Brenden Hanada is a brown belt, one step below black belt on the eight-color belt ladder. Black belt the highest level of the sport.

Hanada, a Kamehameha Maui senior, won the 121-pound boys title on Saturday — he has been doing the sport for 11 years.

“It feels amazing,” Hanada said of being back on the MIL mats for the first time since he was a freshman. “Judo’s my only sport and being deprived of it was not the best thing. Being alone at home for the past two years is very boring.

Maui High’s Shaelyn Perreira (left) throws King Kekaulike’s Krystal Valoroso on her way to winning by ippon at 129.

“Now coming out here and doing my favorite sport is really awesome. I’m glad I get to do it my last year of high school.”

Hanada knows how tough the Atlas Insurance/HHSAA state tournament will be when it rolls around May 7 at the Stan Sheriff Center.

“I’m hoping to place at states, at least like fifth or sixth because there’s a lot of good people,” Hanada said. “I hope I’m better than them, train hard, so that I can beat them.”

Hanada, a team captain, has been accepted into Embry-Riddle Aeronautical University and plans on being a pilot. First, he is enjoying the sport he excels at for the final time in high school.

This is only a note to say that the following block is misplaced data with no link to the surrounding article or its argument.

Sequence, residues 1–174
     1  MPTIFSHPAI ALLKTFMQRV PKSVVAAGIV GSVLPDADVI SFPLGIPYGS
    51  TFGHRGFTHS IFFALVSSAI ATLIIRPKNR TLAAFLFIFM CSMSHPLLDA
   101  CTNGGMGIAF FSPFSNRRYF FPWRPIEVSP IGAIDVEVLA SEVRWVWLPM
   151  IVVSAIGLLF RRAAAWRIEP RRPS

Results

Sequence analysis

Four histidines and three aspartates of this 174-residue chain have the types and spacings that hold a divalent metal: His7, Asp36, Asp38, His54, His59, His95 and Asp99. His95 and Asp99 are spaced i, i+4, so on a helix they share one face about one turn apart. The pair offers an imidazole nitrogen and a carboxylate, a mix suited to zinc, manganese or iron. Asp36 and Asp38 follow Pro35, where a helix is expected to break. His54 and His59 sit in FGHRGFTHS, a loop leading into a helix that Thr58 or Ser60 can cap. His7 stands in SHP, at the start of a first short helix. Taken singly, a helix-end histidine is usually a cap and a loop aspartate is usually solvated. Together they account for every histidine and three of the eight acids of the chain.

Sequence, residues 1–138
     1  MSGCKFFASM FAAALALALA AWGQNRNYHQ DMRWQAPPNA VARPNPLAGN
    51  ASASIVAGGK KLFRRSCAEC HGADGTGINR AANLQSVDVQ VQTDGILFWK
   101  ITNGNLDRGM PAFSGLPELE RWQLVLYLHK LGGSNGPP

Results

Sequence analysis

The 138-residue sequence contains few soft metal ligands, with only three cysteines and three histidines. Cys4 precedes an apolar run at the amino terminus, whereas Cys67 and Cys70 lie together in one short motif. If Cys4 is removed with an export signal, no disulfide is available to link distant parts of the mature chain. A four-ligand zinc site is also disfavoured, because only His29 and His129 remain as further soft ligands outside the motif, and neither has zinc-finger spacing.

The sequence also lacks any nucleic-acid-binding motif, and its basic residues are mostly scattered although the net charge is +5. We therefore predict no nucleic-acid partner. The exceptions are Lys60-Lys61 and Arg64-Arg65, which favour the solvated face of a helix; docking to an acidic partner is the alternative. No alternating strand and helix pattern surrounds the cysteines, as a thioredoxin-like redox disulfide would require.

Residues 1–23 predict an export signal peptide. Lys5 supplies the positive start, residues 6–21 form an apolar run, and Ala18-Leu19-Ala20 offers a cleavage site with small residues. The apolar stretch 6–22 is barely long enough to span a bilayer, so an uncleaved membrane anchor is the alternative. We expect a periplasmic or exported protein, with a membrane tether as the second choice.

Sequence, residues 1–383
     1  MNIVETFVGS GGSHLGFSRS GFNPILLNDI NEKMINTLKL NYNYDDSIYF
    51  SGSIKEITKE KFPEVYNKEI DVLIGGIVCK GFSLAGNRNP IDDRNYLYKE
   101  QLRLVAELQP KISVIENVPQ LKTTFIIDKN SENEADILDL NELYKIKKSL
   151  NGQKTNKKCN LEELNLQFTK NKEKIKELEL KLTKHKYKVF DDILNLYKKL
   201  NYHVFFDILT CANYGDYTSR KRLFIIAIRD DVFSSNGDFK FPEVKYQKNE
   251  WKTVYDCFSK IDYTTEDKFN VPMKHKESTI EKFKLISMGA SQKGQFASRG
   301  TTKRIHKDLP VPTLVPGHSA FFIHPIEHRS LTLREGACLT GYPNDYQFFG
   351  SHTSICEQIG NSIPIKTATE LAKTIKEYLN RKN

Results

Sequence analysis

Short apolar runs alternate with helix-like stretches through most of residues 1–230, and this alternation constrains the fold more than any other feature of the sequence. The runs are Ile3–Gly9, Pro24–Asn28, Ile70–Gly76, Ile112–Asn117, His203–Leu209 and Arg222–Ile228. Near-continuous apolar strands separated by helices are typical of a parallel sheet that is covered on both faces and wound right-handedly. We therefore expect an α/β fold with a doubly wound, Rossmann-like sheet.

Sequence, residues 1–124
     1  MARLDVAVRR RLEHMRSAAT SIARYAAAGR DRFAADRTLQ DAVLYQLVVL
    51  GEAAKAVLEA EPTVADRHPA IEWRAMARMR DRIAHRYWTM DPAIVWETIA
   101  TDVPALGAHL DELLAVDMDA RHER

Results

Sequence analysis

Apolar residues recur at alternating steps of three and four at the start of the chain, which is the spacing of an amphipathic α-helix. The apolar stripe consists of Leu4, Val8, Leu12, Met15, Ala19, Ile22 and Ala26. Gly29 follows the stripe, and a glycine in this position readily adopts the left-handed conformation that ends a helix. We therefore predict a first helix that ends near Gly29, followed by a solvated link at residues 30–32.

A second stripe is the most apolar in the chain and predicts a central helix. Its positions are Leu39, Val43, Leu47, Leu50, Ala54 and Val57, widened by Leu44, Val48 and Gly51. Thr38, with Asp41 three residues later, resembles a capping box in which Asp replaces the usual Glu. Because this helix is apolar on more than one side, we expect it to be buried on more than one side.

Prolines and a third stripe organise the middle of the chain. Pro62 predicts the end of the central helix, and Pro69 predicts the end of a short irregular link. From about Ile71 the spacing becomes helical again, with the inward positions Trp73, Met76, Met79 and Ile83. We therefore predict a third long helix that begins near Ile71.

“It’s an amazing team and I love all my teammates,” Hanada said.

He plans to practice the sport of judo for many years to come. His club is Makawao Hongwanji Judo Club.

“Hopefully, yeah, that’s my goal — I want to become a black belt,” he said.

Molokai had seven competitors at the meet and won four of the girls titles Saturday. The Farmers’ Olapa Duvauchelle, a junior, won the girls 129A class.

“It’s like really exciting because my sisters, my two older sisters, they used to be in judo, too,” Duvauchalle said. “And seeing them play, I like really wanted to play. This is my first year, actually. I’m not in any club. My freshman year I started playing judo, but that was the year COVID happened and I didn’t even get to compete.

“We’re all beginners, so right now we’re all just like super excited. Right now we have seven (judoka), but there’s more back at home — they’re all at prom right now. We have a big team.”

Kamehameha Maui coach Ron Hiyakumoto said the sport is growing in the MIL despite the small numbers currently.